BP men innocent: lawyers
Lawyers for two BP PLC employees who were charged with manslaughter on Thursday in the Deepwater Horizon disaster said the US government had unfairly targeted their clients. Robert Kaluza and Donald Vidrine, the two highest ranking BP supervisors onboard the rig in the hours before the disaster, were innocent of the charges against them, the lawyers said. Earlier on Thursday, the government alleged that “negligent and grossly negligent” conduct by Kaluza and Vidrine led to the explosion aboard the Deepwater Horizon rig, the deaths of 11 workers and the release of millions of barrels of oil into the Gulf of Mexico. On April 20, 2010, Kaluza and Vidrine were aware that a drill pipe inserted into the Macondo well to test its pressure showed that the well was not secure, the government said in an indictment. They then failed to alert engineers onshore to the problem and accepted “illogical” explanations from members of the rig crew as to why pressure in the well was building, according to the indictment. Later that evening, the rig exploded, killing 11 men.
Tribunal frees jailed officers
An appeals court in the Hague overturned yesterday the conviction of the most senior Croatian military officer charged with war crimes during the Balkan conflict of the 1990s. Ante Gotovina, who was commander in the Split district of the Croatian army, had been jailed for 24 years. The conviction of Mladen Markac, a Croatian police commander who had been serving an 18-year sentence, was also overturned. The two had been convicted of crimes against humanity and war crimes. Judges ordered the pair’s immediate release. Following their conviction by the Yugoslavia tribunal’s trial chamber last year, the two appealed to its appeals court. This upheld their claim that they had not been part of a joint criminal enterprise with the aim of permanently removing Serbian civilians from Croatia’s Krajina region.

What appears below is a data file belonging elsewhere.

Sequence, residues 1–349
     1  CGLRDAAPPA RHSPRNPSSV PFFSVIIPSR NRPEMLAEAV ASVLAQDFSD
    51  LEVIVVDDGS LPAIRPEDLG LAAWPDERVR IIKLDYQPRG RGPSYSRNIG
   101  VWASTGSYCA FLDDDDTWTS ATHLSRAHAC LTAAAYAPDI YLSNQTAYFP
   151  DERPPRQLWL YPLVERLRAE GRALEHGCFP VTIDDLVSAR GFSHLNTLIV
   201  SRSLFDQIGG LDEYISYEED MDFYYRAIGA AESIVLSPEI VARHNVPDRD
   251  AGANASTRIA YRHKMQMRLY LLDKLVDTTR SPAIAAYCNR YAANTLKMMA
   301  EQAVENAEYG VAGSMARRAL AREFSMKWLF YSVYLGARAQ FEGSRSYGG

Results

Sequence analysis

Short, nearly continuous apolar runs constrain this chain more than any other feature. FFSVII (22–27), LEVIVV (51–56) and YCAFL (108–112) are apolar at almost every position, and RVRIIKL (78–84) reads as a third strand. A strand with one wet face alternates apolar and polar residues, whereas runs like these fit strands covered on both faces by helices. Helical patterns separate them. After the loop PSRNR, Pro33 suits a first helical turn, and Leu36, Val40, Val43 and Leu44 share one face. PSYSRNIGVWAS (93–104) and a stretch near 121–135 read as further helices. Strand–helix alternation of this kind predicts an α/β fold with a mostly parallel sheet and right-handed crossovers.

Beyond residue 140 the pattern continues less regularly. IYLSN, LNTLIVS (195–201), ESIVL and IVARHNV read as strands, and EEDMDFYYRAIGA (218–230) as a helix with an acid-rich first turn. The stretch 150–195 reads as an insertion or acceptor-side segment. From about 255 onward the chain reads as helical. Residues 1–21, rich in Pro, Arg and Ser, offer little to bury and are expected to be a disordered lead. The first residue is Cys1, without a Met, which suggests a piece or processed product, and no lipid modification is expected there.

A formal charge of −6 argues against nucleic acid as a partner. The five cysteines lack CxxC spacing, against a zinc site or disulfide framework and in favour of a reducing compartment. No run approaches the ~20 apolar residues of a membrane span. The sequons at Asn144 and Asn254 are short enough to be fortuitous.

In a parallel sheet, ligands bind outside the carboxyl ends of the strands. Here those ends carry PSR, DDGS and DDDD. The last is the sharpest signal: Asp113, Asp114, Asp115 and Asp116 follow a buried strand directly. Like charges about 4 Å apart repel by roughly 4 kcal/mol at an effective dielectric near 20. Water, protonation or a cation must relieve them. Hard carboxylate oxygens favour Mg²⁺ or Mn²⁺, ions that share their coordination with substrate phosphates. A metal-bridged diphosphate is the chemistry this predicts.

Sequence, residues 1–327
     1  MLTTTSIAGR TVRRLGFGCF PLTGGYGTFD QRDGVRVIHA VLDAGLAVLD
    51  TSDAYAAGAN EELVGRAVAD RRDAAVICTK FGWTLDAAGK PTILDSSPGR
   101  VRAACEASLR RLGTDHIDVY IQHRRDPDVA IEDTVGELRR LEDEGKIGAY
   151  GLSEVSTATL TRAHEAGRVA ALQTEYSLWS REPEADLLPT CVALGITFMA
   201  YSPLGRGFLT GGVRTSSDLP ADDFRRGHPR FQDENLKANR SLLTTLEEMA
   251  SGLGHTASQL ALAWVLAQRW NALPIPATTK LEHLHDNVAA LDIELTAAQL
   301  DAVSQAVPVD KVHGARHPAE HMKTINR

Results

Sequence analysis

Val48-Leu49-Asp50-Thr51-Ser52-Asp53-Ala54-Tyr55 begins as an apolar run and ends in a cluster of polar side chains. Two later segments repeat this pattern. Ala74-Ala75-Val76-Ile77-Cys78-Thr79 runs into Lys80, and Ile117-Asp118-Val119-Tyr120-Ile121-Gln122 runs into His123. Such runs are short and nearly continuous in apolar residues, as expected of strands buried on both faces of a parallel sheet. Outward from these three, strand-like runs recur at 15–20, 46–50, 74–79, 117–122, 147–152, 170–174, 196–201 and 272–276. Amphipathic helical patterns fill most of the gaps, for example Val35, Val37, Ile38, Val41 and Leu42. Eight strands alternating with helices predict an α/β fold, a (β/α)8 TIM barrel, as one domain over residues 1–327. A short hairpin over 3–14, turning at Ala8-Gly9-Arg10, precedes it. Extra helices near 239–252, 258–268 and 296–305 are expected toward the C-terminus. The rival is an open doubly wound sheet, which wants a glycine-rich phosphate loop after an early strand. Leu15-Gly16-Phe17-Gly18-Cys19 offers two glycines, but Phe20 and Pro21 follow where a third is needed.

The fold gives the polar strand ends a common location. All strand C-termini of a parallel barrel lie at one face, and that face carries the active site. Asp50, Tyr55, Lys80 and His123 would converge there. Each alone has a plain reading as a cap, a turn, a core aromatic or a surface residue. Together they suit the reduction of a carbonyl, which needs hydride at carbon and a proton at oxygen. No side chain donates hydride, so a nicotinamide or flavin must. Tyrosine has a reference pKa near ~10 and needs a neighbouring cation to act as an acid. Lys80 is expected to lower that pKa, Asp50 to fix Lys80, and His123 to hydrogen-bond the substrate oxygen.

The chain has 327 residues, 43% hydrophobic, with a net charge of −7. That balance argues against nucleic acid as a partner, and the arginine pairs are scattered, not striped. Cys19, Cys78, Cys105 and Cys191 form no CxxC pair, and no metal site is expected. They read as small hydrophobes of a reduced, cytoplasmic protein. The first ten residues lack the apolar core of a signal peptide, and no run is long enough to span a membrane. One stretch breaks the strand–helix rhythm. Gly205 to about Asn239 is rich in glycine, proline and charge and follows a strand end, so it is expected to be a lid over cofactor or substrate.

Yacht carried cocaine
A yacht that washed up on a deserted island in the South Pacific with a badly decomposed body on board was carrying more than 200kg of cocaine worth up to US$120 million, police said yesterday. Australian Federal Police said international law agencies had been monitoring the 13m yacht JeReVe from when it left South America until they lost contact with it last month. Two divers came across the boat earlier this month off Tonga’s Vava’u island group and made the grim discovery of the dead male when they went aboard. “Also located on board that vessel were 204, 1kg blocks of cocaine destined for the Australian market,” acting national manager for serious and organized crime David Sharpe told a press conference. The massive seizure was now part of an ongoing operation involving police in Tonga, the Cook Islands, Australia and the US Drug Enforcement Administration.